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ADHD drugs could be coffee 2.0 on college campuses

For some college students ADHD-study drugs like Adderall and Ritalin are treated like coffee 2.0. (AP Photo/File)

Instead of coffee, studies show one in three students that have either been diagnosed with ADHD or have gotten their hands on the prescription aid for the disorder are popping pills to get them through late night study sessions.

For some, especially those college students, it’s become coffee 2.0.

For Slate writer Will Oremus it’s not just a little boost. He’s been diagnosed with ADHD and he needs to meet deadlines. So Oremus takes Concerta, a long-acting and less addictive version of Ritalin.

“The problem with ADHD,” Oremus told KIRO Radio’s Luke Burbank, “you tune out even when you’re super interested in stuff.”

When he’s not on Concerta, he’s late, he forgets about and misses deadlines and meetings. Even when he’s truly interested in what someone is saying, he still can’t focus.

“Everyone gets bored sometimes, has trouble focusing sometimes. Someone who is sitting through a really boring lecture or a show that they don’t care about is going to find themselves tuning out. Everybody is going to have problems when it’s 2 a.m. and they’re trying to do that boring work.”

It becomes a real problem when teens and young adults turn to the drugs used to treat ADHD without a prescription.

We don’t know about the side effects a non-ADHD person may experience, said Oremus.

“I wouldn’t want to recommend anyone go out and do this, it’s illegal, there could very well be dangers to it,” said Oremus. “That said, I think it’s fairly clear from what I understand, people without ADHD could, in theory, benefit from this in some circumstances.”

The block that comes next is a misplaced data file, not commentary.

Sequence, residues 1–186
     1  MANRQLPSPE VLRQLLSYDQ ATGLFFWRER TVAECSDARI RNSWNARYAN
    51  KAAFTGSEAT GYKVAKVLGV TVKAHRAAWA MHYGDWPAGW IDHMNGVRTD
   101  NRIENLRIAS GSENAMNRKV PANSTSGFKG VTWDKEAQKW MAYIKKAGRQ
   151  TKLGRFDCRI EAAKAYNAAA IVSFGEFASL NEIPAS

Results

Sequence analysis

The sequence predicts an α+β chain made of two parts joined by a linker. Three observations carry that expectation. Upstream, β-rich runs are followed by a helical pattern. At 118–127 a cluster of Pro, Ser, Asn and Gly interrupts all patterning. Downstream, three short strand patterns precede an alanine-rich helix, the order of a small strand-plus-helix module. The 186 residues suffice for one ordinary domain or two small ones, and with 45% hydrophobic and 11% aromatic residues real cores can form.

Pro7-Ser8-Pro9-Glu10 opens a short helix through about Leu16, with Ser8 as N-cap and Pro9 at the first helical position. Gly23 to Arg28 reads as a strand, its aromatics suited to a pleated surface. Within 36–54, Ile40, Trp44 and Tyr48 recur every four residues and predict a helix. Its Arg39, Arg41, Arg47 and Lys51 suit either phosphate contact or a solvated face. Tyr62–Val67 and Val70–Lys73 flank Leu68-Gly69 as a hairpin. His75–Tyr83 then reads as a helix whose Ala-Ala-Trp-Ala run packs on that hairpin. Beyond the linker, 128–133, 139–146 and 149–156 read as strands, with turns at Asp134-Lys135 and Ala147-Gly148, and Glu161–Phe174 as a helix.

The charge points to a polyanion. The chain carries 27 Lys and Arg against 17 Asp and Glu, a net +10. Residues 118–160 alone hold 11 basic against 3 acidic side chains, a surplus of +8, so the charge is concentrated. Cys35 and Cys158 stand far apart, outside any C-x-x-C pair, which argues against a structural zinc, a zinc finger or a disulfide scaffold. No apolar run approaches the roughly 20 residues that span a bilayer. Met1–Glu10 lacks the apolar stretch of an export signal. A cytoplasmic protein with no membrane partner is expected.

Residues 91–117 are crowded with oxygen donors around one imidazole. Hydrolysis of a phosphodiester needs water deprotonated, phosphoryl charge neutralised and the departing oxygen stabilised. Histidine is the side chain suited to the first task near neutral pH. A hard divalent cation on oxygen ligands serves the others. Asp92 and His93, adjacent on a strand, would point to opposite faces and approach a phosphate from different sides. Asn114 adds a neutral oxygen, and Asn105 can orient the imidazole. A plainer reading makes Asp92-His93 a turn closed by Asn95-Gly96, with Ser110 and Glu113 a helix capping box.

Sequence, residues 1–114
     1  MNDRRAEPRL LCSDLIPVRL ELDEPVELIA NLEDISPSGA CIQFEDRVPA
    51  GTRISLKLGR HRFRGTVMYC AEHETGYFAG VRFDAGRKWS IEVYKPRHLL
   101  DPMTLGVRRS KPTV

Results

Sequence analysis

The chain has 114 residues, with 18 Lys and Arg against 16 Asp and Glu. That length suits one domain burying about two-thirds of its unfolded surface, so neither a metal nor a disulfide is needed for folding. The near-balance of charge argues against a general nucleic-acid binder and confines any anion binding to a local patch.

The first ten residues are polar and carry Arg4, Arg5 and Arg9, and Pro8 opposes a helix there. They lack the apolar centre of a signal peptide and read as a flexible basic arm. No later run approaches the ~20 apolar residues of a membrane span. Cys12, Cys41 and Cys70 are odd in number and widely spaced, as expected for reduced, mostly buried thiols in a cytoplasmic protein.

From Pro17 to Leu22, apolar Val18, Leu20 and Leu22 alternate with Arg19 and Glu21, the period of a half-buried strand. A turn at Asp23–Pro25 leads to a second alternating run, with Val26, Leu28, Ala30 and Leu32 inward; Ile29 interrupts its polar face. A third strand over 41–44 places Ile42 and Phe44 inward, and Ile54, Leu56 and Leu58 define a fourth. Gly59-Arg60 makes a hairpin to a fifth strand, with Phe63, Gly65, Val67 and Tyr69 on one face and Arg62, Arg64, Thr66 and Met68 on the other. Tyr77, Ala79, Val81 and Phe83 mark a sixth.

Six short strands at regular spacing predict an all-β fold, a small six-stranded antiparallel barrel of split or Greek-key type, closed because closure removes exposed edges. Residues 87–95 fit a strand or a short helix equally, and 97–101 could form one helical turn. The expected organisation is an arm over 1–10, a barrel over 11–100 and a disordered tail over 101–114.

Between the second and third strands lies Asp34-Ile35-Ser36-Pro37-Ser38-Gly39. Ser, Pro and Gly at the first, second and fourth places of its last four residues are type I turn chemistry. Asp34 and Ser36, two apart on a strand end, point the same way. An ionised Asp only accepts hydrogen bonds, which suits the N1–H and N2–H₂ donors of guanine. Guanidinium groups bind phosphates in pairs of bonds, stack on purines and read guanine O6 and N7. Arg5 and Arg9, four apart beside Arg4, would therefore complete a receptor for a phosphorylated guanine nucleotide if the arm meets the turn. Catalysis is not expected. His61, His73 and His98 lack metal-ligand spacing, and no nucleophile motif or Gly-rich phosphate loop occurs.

And it is illegal – Adderall is classified in the same category as cocaine and methamphetamine. There are risks – particularly for people with pre-existing heart conditions. Knowing that there are dangers both criminal and to one’s health, Oremus said he’s sure there are a lot of parents out there, wondering , ‘is my kid, on a college campus, popping Adderall?’

Oremus learned the one-in-three students will use ADHD medications illicitly while he was researching for the piece, “The New Stimulus Package” for Slate. Increasingly, students report that it’s OK to take this stuff, even if they don’t have a prescription.

It’s lead to some media backlash. Oremus said we’re seeing all sorts of alarming stories about an Adderall “epidemic,” ADHD-study drugs, what they’re doing to society, and the risks.

“I think as a society we’re of two minds about this right now: the people who are taking this think it’s fine, but their parents are worried that it’s a disaster. I would guess that it’s somewhere in between, but I’m not the doctor. I would recommend anyone consult with a doctor if they’re trying to make personal decisions for themselves and their family.”

Oremus recalled a recent New York Times profile about a promising college graduate. He apparently became addicted to Adderall. He was also using other drugs, but Oremus said The Times story didn’t emphasize that part. He ended up with some very serious mental conditions and eventually committed suicide.

“I think it’s pretty clear by now, that is an extremely rare outcome from the use of an ADHD drug – that doesn’t mean it can’t happen. It doesn’t mean it’s not real. It doesn’t mean that you shouldn’t be worried as a parent. I think you should.”

Instead of worrying about the risks of an ADHD drug on your college kid, or just letting it go because something like the New York Times story is a rare occurrence, Oremus suggested finding some middle ground.

“Anyone who takes a stimulant of any kind should be aware of the risks.”

For Oremus, the decision to take any drug would come down to making sure the benefits outweigh the potential risks. And for someone who has been diagnosed with ADHD – they do. He took his dose of Concerta when he woke up this morning.

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